monastic life is, by rights, one full-time Lent. Though "ought"
            and "should" are commonly used as identical terms these days, they
            are not synonymous. "Should" expresses a wish, "I should like some
            coffee." "Ought" expresses a moral issue or obligation, "We ought to
            help that woman."

            In his use of the stronger, moral term, St. Benedict acknowledges
            that a monastic's life is truly an obligation to a perpetual Lent.
            Then he goes on to make one of his most sweepingly gentle and kind
            allowances for human nature: "yet, since few have the virtue for
            that..." The beauty of his adaptation is often lost, people quoting
            only the first line of the chapter, reading it as pointing to a Lent
            that never ends.

            Slangily put, what our holy Father is saying here
            is: "OK, in a real world, monastics ought to live Lent all the time,
            but since few of us can pull that off, let's shoot for pouring it all
            on during Lent itself." That's a very different sentiment!

            Benedictines have been known for many things, but harsh, physical
            austerity, especially during the last several centuries, has not been
            one of them. Sometimes in the past I think that has given some of us
            a slight inferiority complex, since the world tends to rank Orders in
            terms of their strictness, wrongly assuming that monastic life is
            some kind of Olympics of penance. Happy the Benedictine who has no
            such hang-ups! We are moderate and gentle, therein is our strength.

            We are not the elite special forces of the Church nor do we pretend
            to be. We leave the superstar status claims firmly alone. Quietly, we
            know with surety that the local also-rans of the Church often do just
            as well as any others, without all the fanfare! There is a certain
            humility in our not even wishing to get involved in that "stricter-
            than-thou" business. It is futile in more ways than one; even if we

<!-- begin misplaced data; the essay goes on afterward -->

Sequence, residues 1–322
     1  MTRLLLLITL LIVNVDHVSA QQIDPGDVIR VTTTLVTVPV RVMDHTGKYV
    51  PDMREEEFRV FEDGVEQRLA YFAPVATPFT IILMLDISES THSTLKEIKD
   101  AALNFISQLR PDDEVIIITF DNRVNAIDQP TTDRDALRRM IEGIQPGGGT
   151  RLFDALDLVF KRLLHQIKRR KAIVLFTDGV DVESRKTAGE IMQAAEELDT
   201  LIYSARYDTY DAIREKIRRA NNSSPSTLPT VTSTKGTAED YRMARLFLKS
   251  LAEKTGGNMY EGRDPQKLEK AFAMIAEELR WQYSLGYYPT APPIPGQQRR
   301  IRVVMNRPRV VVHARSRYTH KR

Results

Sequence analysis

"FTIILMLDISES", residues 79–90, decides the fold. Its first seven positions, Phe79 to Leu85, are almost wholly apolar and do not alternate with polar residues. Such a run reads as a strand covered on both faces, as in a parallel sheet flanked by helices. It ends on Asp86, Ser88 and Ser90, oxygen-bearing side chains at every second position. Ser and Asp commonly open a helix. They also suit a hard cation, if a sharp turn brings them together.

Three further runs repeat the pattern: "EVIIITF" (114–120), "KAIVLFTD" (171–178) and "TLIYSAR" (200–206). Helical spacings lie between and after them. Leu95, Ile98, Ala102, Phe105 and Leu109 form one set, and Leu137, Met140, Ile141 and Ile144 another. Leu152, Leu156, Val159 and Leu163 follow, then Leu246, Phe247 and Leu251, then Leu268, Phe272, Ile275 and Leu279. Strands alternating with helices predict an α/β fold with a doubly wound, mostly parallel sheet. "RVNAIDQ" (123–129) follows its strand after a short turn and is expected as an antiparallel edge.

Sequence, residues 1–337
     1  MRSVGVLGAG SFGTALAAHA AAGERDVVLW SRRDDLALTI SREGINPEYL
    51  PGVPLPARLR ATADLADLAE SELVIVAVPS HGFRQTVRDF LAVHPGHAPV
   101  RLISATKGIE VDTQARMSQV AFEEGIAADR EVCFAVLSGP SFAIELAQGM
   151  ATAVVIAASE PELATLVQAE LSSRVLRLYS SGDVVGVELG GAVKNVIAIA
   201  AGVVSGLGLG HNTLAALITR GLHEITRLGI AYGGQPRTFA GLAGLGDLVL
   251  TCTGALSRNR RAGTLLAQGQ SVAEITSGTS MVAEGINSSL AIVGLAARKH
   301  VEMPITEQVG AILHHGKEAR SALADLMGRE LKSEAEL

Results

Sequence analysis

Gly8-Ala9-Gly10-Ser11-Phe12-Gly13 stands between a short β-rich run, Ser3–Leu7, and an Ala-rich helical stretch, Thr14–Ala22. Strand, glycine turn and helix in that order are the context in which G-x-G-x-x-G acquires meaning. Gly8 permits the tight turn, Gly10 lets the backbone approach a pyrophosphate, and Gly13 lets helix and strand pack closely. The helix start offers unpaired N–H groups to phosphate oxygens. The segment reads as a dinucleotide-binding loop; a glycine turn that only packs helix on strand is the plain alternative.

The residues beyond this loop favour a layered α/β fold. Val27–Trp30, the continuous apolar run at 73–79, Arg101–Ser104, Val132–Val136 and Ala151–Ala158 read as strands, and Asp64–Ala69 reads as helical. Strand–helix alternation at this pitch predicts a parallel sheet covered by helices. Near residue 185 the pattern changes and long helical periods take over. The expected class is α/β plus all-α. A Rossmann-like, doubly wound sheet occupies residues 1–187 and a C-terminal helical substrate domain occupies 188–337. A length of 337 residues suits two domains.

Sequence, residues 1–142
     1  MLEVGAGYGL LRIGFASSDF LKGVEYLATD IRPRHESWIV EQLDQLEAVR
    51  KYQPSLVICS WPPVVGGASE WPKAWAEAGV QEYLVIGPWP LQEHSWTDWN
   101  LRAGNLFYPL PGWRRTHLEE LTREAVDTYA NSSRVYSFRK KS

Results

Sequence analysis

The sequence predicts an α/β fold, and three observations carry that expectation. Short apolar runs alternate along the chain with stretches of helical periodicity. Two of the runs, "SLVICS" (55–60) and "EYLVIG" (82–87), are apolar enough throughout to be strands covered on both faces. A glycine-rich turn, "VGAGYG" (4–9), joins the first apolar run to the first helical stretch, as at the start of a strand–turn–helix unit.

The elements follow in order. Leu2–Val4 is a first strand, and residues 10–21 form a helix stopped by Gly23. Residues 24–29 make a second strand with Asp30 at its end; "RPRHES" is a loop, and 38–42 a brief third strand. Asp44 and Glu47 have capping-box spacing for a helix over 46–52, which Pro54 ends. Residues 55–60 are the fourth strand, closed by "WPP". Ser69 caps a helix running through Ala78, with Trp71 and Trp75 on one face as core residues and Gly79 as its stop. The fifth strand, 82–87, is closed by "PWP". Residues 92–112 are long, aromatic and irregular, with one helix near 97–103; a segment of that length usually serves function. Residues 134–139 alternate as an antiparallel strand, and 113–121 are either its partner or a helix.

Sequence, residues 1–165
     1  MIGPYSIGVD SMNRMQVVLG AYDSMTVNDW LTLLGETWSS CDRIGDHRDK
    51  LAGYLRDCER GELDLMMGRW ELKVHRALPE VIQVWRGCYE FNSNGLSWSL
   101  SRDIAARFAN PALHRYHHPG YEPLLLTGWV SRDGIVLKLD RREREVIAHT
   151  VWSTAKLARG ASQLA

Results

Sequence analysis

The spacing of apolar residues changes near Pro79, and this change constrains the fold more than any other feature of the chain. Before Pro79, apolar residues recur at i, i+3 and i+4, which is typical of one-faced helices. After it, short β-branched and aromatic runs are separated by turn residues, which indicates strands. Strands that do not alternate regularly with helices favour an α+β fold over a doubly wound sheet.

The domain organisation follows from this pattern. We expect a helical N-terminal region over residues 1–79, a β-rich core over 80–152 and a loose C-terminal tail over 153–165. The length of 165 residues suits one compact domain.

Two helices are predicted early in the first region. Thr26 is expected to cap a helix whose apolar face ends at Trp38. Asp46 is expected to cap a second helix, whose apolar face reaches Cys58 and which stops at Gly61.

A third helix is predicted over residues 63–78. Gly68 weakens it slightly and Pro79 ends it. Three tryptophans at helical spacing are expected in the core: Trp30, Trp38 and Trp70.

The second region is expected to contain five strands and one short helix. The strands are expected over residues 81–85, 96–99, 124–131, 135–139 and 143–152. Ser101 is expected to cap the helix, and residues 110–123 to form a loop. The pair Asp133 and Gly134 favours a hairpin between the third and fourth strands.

could win it, it would not be valid. The Christian monastic's life is
            not about trophies in harshness.

            So, yeah, we balance, always balance. We moderate. That is our gift
            from our Father Benedict. Enjoy that to the full, dear brothers and
            sisters. We belong to a gentle and loving family!

            Love and prayers,
            Jerome, OSB
            http://www.stmarysmonastery.org
            Petersham, MA


            [Non-text portions of this message have been removed]
          • Br. Jerome Leo
            +PAX Francis X. N. asks for prayers that the special Veterans project on which he has been working gets renewed funding for the next 3-5 years. This will
            Message 5 of 6 , Mar 30, 2016
              +PAX



              Francis X. N. asks for prayers that the special Veterans' project on which
              he has been working gets renewed funding for the next 3-5 years. This will
              enable him to have a full-time telecommuting position during the time it
              takes for his wife to finish med school.

              Karen for whom we prayed, did not qualify as a donor for the kidney
              transplant. Now the family is hoping that one of Sean's brothers will be
              eligible.

              They are praying for an eligible donor and a successful surgery with a
              working kidney.



              Prayers for all the victims and injured in the terrorist bombing in Lahore,
              Pakistan, especially Naahem, and for all their families and for the
              repentance of the attackers.



              Prayers for Mary and her husband, a very severely troubled marriage.



              Prayers for Sammy, a seminarian in Africa, a vocation panel will be deciding
              if he can continue or not. Prayers for him and all his classmates who are
              awaiting news.



              Prayers for Kathy S., cancer.



              Prayers for Betty H., very ill, not doing well.



              Prayers for Milan, diverticulitis.



              Lord, help us all as You know and
              will. God's will is best. All is mercy and grace. God is never absent,
              praise Him! Thanks so much. JL

              March 31, July 31, November 30
              Chapter 49: On the Observance of Lent

              Although the life of a monk
              ought to have about it at all times
              the character of a Lenten observance,
              yet since few have the virtue for that,
              we therefore urge that during the actual days of Lent
              the brethren keep their lives most pure